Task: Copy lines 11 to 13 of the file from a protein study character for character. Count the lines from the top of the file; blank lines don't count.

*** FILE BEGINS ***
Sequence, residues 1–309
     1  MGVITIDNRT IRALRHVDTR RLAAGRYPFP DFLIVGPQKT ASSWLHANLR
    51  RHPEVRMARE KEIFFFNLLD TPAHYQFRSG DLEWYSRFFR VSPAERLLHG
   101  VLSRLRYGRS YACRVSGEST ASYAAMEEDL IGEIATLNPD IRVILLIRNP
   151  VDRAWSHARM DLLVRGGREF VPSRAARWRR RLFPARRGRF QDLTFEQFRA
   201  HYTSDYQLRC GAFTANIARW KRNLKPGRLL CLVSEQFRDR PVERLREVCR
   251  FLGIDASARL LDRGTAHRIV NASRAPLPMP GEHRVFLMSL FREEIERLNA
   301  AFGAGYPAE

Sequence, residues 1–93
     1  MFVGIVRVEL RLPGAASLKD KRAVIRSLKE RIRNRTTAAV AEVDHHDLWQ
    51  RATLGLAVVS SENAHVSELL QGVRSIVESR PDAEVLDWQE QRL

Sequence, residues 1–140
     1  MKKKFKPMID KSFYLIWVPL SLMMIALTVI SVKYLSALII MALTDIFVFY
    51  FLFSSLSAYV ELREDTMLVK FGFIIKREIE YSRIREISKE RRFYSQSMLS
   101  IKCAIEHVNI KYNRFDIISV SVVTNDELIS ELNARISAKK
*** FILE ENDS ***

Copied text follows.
    51  RATLGLAVVS SENAHVSELL QGVRSIVESR PDAEVLDWQE QRL

Sequence, residues 1–140
     1  MKKKFKPMID KSFYLIWVPL SLMMIALTVI SVKYLSALII MALTDIFVFY